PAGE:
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Please use this identifier to cite or link to this item: http://hdl.handle.net/1942/14371

Title: Myelin-phagocytosing macrophages modulate autoreactive T cell proliferation
Authors: Bogie, Jeroen F. J.
Issue Date: 2011
Abstract: Introduction: Multiple sclerosis (MS) is a chronic, inflammatory, demyelinating disease of the central nervous system (CNS) in which macrophages play a central role. Initially, macrophages where thought to be merely detrimental in MS, however, recent evidence suggests that their functional phenotype is altered following myelin phagocytosis. Macrophages that have phagocytosed myelin may be less inflammatory and may exert beneficial effects. The presence of myelin-containing macrophages in CNS-draining lymph nodes and perivascular spaces of MS patients suggests that these cells are ideally positioned to exert an immune regulatory role. Therefore we evaluated in this study the effect of myelin-phagocytosing macrophages on lymphocyte reactivity. Methods: Thioglycolate-elicited rat peritoneal macrophages were loaded with myelin and cocultured with myelin-basic protein (MBP) or ovalbumin (OVA) reactive lymphocytes. Lymphocyte proliferation was determined by CFSE-labeling. The role of nitric oxide in regulating lymphocyte proliferation was assessed by addition of an inhibitor of inducible nitric oxide synthase to the coculture. In vivo immune regulation was investigated by treating MBP- and OVA-immunized animals subcutaneously with myelin. Cognate antigen specific lymphocyte proliferation and nitric oxide production were determined 9d post-immunization. Results: In this study we demonstrate that myelin-phagocytosing macrophages inhibit TCR-triggered lymphocyte proliferation in an antigen-independent manner. The observed immune suppression is mediated by an increase in NO production by myelin-phagocytosing macrophages upon contact with lymphocytes. Additionally, myelin delivery to primarily CD169(+) macrophages in popliteal lymph nodes of OVA-immunized animals results in a reduced cognate antigen specific proliferation. In contrast to OVA-immunized animals, lymphocytes from MBP-immunized animals displayed an increased proliferation after stimulation with their cognate antigen, indicating that myelin-phagocytosing macrophages have dual effects depending on the specificity of surrounding lymphocytes. Conclusions: Collectively our data show that myelin phagocytosis leads to an altered macrophage function that inhibits lymphocyte proliferation. Additionally, results from this study indicate that myelin-phagocytosing macrophages fulfill a dual role in vivo. On one hand they aggravate autoimmunity by activating myelin-reactive lymphocytes and on the other hand they suppress lymphocyte reactivity by producing NO.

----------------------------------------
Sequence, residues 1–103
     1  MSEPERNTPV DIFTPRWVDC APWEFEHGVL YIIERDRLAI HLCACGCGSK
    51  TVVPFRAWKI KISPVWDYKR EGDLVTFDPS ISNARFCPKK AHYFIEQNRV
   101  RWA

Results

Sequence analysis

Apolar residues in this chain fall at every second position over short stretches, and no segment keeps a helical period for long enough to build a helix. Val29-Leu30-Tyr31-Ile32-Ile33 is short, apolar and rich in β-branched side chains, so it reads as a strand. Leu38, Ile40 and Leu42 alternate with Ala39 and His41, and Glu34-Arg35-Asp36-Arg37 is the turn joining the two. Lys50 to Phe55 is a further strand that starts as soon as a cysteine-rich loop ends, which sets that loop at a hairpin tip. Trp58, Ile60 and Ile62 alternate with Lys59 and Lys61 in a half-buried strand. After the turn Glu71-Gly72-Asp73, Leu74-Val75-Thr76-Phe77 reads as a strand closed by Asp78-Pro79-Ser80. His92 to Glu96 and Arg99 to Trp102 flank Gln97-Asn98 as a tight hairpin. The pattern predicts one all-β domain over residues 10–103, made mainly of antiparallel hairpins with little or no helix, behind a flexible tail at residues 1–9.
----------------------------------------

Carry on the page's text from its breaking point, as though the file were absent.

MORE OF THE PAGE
Notes: Hendriks, JJA (reprint author),Hasselt Univ, Transnatl Univ Limburg, Sch Life Sci, Biomed Res Inst, Diepenbeek, Belgium [Bogie, Jeroen F. J.; Stinissen, Piet; Hellings, Niels; Hendriks, Jerome J. A.] Hasselt Univ, Transnatl Univ Limburg, Sch Life Sci, Biomed Res Inst, Diepenbeek, Belgium. Jerome.hendriks@uhasselt.be
URI: http://hdl.handle.net/1942/14371
DOI: 10.1186/1742-2094-8-85
ISI #: 000293705200001
ISSN: 1742-2094
Category: A1
Type: Journal Contribution
Validation: ecoom, 2012
Appears in Collections: Research publications

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